Today, Tor published an article listing some great standalones. Check them out if you get a chance. A few we mentioned on our podcast, but there are others that we did not get a chance to bring up. It’s a great list, even if it does leave off The Princess Bride.

Do you have any favorite standalone fantasy works? Personally, I’m all about Good Omens. But, really there are so many to choose from, who can pick just one?

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The End. But Not Really.

It’s with mixed emotions that we are announcing today the discontinuation of our webzine. The final issue of Way too Fantasy webzine will be released at the end of October with content that has already submitted.

In the past year and a half, we’ve worked hard on putting together issues, editing content, and reaching out to others in the community to build this webzine up to where it’s been today. Unfortunately, we just no longer have the proper amount of time to commit to putting out the kind of quality issues we have in the past, and it would be unfair to slop something together on the fly. Therefore, for the time being at least, there are no further plans to put out any future issues of the webzine after our final issue is released at the end of this month. We may still post short fiction occasionally, but for now, the webzine is no more.

Now, all that being said, we are still planning on doing things here at the blog. Perhaps more webcasts and more articles–plans are in the works and more info will be coming shortly.

So, this isn’t really The End. Just a fresh start.

Posted in News and Announcements | 4 Comments

WtF a Broadcast #30 – Lisa & Jen’s Great Big Book Geek-Out – Podcast Version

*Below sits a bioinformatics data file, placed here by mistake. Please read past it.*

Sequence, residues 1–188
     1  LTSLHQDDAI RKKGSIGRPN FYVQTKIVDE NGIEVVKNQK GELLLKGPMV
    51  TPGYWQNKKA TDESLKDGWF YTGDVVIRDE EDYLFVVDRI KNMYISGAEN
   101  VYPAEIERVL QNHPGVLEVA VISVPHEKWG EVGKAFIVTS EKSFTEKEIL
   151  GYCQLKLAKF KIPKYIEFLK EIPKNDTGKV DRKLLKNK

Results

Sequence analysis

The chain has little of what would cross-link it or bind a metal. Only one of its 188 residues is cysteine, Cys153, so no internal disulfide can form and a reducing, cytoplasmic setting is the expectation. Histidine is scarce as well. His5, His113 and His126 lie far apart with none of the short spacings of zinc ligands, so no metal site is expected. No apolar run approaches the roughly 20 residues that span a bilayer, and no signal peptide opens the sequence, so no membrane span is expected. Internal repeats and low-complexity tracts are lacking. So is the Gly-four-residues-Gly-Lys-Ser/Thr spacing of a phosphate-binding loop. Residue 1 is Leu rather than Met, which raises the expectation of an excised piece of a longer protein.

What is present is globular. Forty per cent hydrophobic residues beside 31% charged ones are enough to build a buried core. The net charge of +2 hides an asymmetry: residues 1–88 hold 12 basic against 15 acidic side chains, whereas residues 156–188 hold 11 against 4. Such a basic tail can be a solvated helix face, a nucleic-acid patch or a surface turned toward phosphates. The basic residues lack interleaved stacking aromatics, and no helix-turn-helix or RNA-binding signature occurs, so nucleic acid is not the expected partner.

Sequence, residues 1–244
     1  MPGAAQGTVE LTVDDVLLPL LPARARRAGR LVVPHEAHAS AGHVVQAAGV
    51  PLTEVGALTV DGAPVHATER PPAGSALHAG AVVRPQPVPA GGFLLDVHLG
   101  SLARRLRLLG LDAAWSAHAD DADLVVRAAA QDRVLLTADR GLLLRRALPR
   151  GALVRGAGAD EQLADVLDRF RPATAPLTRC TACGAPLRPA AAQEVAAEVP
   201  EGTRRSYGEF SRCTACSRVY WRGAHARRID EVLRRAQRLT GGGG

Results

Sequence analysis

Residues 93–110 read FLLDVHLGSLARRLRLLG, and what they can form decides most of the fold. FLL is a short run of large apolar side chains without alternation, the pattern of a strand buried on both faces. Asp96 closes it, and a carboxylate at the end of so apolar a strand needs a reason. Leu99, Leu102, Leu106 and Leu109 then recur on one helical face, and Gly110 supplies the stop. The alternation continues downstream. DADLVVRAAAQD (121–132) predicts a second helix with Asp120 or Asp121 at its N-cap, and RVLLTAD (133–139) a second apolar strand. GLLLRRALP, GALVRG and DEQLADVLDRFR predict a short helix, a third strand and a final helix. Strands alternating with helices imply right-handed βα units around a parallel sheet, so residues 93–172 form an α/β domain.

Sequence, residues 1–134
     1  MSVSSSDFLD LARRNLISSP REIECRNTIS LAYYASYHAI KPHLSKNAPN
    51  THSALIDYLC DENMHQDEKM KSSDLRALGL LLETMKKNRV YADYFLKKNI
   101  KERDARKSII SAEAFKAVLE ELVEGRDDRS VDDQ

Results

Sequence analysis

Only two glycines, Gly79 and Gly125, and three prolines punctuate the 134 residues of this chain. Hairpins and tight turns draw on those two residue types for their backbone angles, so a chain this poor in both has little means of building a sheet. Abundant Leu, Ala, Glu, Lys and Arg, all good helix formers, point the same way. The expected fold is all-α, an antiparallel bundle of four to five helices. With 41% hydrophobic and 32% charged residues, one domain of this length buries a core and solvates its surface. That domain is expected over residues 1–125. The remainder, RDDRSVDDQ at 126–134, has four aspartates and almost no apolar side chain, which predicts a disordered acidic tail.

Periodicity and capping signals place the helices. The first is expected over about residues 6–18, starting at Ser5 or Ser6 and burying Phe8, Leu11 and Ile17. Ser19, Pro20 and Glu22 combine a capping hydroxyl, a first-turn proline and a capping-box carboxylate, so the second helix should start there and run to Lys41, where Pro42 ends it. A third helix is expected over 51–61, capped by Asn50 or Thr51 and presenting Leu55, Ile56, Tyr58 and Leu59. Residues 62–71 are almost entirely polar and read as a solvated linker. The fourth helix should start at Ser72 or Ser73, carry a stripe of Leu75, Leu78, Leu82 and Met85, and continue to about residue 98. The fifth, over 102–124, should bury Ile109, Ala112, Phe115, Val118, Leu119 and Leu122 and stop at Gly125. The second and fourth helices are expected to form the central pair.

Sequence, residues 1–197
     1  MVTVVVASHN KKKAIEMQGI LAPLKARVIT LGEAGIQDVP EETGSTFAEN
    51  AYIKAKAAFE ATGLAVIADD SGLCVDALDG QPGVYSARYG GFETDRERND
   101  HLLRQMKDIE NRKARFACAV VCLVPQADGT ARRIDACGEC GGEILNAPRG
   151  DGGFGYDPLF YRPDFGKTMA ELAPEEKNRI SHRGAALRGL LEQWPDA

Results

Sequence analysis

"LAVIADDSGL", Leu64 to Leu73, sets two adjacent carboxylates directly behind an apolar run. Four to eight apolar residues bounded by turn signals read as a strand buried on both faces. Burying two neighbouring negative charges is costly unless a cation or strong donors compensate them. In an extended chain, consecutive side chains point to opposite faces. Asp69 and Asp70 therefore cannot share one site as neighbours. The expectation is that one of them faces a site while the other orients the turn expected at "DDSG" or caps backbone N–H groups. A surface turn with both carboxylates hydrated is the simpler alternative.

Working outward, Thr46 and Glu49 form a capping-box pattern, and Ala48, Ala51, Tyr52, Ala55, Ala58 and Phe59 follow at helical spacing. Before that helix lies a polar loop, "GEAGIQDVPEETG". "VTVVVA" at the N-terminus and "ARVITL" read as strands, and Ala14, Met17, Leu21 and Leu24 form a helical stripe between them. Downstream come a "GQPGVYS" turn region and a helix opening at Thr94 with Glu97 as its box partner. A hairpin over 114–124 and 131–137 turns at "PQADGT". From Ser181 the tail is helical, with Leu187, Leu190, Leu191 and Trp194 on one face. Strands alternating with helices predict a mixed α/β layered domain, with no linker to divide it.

On the webcast today we geek out about books, recent things we’ve bought and read, and awesome places we get books from. Enjoy!

As always, feel free to download a copy and listen to our cast on the go!

 

To download, right click this link and select ‘save link as’.

Panelists:

June Faramore
Lisa Richardson

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WtF a Broadcast Episode #30 – Lisa & Jen’s Great Big Book Geek-Out

On the webcast today we geek out about books, recent things we’ve bought and read, and awesome places we get books from. Enjoy!

Panelists:

June Faramore
Lisa Richardson

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Next Issue!!!

Hey all,

I know I said the next issue would be out today, but again other life commitments have gotten in the way. I’m working on trying to get it all together asap, should be done by the end of next week at the latest, but might be out before then. I’ll send out an announcement when I’m getting close to having it all done and ready.

In the meantime, enjoy another webacast/podcast from us, talking about books we’ve recently read–I’ll be posting that shortly.

Thanks!

 

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WtF a Broadcast #29 – Currently Reading and Book Hoarding – Podcast Version

On this episode of WtF, we talked about our massive book hoarding issues and some of the books we’re currently reading. Some of the things we talked about–Rothfuss, Sanderson, Martin. Book signings and randomness. The Book Thief. Tam Lin. The Lives of Tao. Outlander. The Ocean at the End of the Lane. A bunch of other stuff.

Enjoy our long ramblings about books.

As always, feel free to download a copy and listen to our cast on the go!

 

To download, right click this link and select ‘save link as’.

Panelists:

June Faramore
Lisa Richardson